The legal framework analysis aims to provide general knowledge of the national cooperative legislation and of its main characteristics and contents, with particular regard to those aspects of regulation regarding the identity of cooperatives and its distinction from other types of business organisations, notably the for-profit shareholder corporation.

It aims to evaluate whether the national legislation in place supports or hampers the development of cooperatives, and is therefore “cooperative friendly” or not, and the degree to which it may be considered so, also in comparison to the legislation in force in other countries of the ICA region, or at the supranational level.

In addition, the research aims to provide recommendations for eventual renewal of the legal frameworks in place in order to understand what changes in the current legislation would be necessary to improve its degree of “cooperative friendliness”, which is to say, to make the legislation more favourable to cooperatives, also in consideration of their specific identity. This webpage presents a snapshot of the legal framework analysis results for Finland. Prior to the completion of the research on key figures, the statistics available above are sourced from The Power of Cooperation – Cooperatives Europe Key Figures (2015).



Cooperatives are regulated by a special law in Finland, namely the Law on Cooperatives. The Law on Cooperative Banks and Other Credit Institutions in the Form of Cooperatives, pertains to some organisational features specific to these financial institutions. They concern mainly prudential mechanisms. In addition, there is a special Law on housing stock companies. These companies are to a certain extent comparable to housing cooperatives in other countries. The following laws are those relevant to cooperatives: 


Main laws relevant to cooperatives in Finland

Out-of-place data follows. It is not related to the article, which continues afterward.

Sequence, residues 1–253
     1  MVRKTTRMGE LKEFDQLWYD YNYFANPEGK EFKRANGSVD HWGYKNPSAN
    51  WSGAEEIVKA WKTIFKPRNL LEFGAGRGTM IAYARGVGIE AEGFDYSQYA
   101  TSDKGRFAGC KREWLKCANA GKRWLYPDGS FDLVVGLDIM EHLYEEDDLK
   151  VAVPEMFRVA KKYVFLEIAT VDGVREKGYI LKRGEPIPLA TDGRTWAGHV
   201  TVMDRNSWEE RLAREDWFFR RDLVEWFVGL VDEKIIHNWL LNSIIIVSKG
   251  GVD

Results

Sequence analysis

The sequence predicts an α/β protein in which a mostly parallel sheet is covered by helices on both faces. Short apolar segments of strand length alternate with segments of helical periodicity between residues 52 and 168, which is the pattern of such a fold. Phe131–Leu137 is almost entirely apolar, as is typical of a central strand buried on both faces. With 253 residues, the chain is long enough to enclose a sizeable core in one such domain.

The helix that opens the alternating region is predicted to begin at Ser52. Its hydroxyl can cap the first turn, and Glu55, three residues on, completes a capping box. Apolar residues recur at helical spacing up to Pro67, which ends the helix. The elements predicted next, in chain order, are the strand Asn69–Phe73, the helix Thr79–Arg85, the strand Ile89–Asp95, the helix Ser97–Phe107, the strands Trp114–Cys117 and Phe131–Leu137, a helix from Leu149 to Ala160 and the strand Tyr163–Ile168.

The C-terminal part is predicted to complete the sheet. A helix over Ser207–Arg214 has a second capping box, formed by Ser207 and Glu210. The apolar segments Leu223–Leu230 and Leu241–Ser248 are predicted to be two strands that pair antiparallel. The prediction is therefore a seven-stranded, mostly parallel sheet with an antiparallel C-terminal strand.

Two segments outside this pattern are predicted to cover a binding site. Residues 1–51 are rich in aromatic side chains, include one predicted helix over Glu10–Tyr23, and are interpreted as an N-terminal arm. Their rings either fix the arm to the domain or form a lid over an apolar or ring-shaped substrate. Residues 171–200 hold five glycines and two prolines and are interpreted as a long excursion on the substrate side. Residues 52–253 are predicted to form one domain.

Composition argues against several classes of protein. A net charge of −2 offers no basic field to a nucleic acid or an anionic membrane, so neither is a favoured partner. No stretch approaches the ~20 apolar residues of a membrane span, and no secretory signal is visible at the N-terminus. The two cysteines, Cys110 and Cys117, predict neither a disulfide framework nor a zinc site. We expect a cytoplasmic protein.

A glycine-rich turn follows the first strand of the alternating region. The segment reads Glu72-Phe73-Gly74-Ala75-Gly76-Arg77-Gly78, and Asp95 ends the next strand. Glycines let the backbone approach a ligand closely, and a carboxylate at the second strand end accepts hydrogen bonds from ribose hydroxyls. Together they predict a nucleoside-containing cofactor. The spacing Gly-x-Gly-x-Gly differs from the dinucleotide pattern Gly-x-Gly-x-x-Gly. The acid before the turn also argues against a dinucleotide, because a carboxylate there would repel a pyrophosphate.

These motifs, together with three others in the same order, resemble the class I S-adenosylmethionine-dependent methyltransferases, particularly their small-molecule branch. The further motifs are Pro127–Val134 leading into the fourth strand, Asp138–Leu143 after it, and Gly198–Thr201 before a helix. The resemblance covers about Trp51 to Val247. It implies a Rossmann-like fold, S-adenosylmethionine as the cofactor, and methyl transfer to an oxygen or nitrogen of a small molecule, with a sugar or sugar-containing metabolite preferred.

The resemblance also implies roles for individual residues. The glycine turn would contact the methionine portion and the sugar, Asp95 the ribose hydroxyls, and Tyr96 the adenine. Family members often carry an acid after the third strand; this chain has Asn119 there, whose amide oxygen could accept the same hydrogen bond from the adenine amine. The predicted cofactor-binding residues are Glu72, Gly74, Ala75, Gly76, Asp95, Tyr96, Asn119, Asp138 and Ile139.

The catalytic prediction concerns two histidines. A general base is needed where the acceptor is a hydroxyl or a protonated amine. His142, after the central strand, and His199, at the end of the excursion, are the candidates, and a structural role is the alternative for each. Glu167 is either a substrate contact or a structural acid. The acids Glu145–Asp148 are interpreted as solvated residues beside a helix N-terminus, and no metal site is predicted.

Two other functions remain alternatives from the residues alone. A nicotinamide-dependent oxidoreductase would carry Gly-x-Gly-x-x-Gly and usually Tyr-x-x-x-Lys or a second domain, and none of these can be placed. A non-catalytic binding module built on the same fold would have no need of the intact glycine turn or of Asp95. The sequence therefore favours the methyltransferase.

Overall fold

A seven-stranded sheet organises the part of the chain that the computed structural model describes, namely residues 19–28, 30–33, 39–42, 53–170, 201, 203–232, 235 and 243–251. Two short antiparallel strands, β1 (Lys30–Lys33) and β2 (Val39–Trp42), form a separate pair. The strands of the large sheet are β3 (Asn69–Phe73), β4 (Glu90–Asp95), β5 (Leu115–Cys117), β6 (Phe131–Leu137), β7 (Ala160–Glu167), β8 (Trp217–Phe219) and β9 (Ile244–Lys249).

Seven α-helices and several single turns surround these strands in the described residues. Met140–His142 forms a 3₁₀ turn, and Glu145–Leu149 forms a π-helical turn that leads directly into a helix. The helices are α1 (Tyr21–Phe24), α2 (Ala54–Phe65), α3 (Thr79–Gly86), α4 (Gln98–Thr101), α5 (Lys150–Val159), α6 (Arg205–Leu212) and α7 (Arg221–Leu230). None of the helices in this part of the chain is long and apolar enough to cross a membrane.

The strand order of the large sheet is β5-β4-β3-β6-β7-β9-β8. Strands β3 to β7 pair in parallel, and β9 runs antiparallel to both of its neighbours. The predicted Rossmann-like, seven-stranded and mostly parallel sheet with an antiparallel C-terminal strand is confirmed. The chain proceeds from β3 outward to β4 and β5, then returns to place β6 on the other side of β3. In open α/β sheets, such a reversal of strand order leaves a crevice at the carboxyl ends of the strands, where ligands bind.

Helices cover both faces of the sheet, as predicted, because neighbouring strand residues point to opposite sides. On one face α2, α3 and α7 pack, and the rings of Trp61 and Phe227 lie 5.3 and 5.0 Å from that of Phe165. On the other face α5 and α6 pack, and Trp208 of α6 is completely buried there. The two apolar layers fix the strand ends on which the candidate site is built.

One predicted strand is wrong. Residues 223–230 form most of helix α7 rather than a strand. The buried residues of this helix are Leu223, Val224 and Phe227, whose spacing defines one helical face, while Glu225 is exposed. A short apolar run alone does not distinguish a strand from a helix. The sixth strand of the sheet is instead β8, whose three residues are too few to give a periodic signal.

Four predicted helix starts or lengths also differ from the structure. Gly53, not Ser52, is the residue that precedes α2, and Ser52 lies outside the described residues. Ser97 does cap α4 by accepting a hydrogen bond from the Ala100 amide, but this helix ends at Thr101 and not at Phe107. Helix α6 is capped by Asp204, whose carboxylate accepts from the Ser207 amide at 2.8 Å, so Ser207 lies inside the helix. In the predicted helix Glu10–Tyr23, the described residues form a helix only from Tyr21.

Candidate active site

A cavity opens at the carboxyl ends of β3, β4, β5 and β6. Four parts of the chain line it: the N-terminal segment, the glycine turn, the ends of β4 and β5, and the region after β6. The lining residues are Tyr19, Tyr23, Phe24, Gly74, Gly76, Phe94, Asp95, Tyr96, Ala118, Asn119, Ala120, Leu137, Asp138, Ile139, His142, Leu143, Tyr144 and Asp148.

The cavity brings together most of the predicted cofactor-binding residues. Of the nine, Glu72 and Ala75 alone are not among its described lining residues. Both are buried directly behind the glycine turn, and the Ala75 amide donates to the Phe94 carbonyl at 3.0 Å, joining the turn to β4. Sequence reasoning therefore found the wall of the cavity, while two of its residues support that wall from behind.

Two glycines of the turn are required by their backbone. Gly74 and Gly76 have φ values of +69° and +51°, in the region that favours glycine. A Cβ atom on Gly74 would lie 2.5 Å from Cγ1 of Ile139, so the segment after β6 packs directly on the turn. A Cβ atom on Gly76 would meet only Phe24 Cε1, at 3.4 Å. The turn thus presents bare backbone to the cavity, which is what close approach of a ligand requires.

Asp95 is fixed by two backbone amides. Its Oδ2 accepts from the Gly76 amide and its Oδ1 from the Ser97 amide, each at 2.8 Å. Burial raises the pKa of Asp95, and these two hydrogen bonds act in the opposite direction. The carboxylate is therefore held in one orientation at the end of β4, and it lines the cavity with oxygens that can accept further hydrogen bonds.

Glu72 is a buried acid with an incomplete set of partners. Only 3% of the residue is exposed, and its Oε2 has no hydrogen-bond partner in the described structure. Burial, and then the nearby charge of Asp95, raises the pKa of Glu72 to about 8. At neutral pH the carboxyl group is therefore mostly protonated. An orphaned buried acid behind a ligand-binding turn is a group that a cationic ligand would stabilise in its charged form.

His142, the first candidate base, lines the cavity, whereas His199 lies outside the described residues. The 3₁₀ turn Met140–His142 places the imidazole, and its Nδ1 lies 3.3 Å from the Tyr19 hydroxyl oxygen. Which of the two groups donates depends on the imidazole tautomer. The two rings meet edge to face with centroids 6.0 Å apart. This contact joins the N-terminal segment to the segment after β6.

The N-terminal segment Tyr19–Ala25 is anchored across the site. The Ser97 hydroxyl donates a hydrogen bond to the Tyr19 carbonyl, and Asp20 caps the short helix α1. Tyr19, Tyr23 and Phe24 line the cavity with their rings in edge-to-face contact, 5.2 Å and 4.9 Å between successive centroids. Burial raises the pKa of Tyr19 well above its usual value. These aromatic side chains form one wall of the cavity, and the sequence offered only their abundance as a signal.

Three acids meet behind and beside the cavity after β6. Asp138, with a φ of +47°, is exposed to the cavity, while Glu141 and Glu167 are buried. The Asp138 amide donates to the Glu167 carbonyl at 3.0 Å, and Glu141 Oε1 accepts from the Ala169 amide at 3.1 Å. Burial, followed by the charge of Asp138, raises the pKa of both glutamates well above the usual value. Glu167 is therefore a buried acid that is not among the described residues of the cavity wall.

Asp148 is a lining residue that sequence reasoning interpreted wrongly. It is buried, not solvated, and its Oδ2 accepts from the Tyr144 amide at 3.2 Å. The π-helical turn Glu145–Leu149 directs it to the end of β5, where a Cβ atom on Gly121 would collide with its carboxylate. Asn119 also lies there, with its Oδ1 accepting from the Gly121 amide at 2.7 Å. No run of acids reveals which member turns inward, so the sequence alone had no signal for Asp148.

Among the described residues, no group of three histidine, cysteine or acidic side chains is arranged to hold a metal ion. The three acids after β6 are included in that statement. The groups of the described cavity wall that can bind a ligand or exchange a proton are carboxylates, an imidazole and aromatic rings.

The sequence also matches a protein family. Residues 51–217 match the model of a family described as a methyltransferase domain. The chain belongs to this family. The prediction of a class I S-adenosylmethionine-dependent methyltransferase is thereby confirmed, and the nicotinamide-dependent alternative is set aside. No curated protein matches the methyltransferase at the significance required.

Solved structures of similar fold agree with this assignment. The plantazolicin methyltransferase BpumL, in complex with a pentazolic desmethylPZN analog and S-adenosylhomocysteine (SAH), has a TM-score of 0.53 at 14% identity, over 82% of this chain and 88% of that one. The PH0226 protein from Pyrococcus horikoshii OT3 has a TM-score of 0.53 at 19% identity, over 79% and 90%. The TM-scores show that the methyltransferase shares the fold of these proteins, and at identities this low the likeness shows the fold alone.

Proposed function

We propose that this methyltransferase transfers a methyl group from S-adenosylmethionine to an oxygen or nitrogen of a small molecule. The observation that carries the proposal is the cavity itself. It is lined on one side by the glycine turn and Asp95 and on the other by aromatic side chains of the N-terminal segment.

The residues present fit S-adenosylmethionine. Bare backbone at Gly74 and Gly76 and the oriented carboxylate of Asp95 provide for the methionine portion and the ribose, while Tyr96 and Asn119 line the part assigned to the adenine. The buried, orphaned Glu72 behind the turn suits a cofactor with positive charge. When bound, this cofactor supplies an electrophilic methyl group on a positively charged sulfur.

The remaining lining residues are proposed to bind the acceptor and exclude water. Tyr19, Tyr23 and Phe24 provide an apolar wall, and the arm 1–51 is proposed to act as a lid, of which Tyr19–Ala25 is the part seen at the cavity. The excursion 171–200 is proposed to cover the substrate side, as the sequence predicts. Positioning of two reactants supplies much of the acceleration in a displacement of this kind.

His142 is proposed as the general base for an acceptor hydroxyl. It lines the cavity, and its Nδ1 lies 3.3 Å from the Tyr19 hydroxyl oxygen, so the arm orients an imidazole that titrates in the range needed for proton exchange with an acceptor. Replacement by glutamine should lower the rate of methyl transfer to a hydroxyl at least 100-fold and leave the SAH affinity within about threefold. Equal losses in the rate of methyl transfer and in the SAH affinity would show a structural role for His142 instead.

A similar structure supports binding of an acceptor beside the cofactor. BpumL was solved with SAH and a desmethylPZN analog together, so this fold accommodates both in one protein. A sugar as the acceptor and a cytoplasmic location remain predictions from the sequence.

Law on Cooperatives - Osuuskuntalaki, 14.6.2013/421

Law on Cooperative Banks and Other Credit Institutions in the Form of Cooperatives - Laki osuuspankeista ja muista osuuskuntamuotoisista luottolaitoksista, 28.12.2001/1504

Law on housing stock companies - Asunto-osakeythiölaki, 22.12.2009/1599

Law on European Cooperatives - Eurooppaosuuskuntalaki, 19.10.2006/906


There is no specific, explicit or implicit, reference as such in the Act to the ICA principles (cooperative principles), as laid down in the 1995 ICA Statement on the cooperative identity (ICA Statement).




Cooperative friendliness

From the perspective of ICA member organisations, the cooperative friendliness of the national legislation can be considered to be significantly so, with the Act providing sufficient opportunities for the development of cooperatives. On the basis of its flexibility and comprehensiveness, in the opinion of the contributing member organisations, Finnish national legislation could serve as an example of legislation regulating cooperatives in other countries.


Key recommendations for improvement

The research identified four main points of improvement. Firstly, further consideration as to whether it is adequate to allow for the formation of one-person cooperatives. Secondly, it could be beneficial to evaluate the impact of the financing possibilities, for example financial instruments which are typical of stock companies, on the cooperative principles, as a basis for further legislative action. Thirdly, in Finland, the understanding of what cooperatives are, the lack of which is commonly shared in many countries, might not be facilitated by using language which belongs to the world of capital-centered companies, but rather might be facilitated by using terminology which expresses the cooperative difference. Finally, unrestricted divisibility of the reserve fund is also questionable, in light of the third principle of the International Cooperative Alliance, Member Economic Participation.



Cooperative law in Finland may be considered to have a sufficient framework, and it can be stated that legislative changes are not presently needed. A more complete picture of the Finnish cooperative law requires further work on bylaw autonomy, as well as exploring other areas such as competition law or labour law, or accounting standards. The case of Finland, with its wide bylaw autonomy under the Act, has taken the 4th ICA cooperative principle of autonomy to its maximum. This demonstrates how important it would be to conduct further research into the way the cooperatives put the cooperative principles into legally recognised practice through their bylaws, in order to see how cooperatives might translate these principles into practice.


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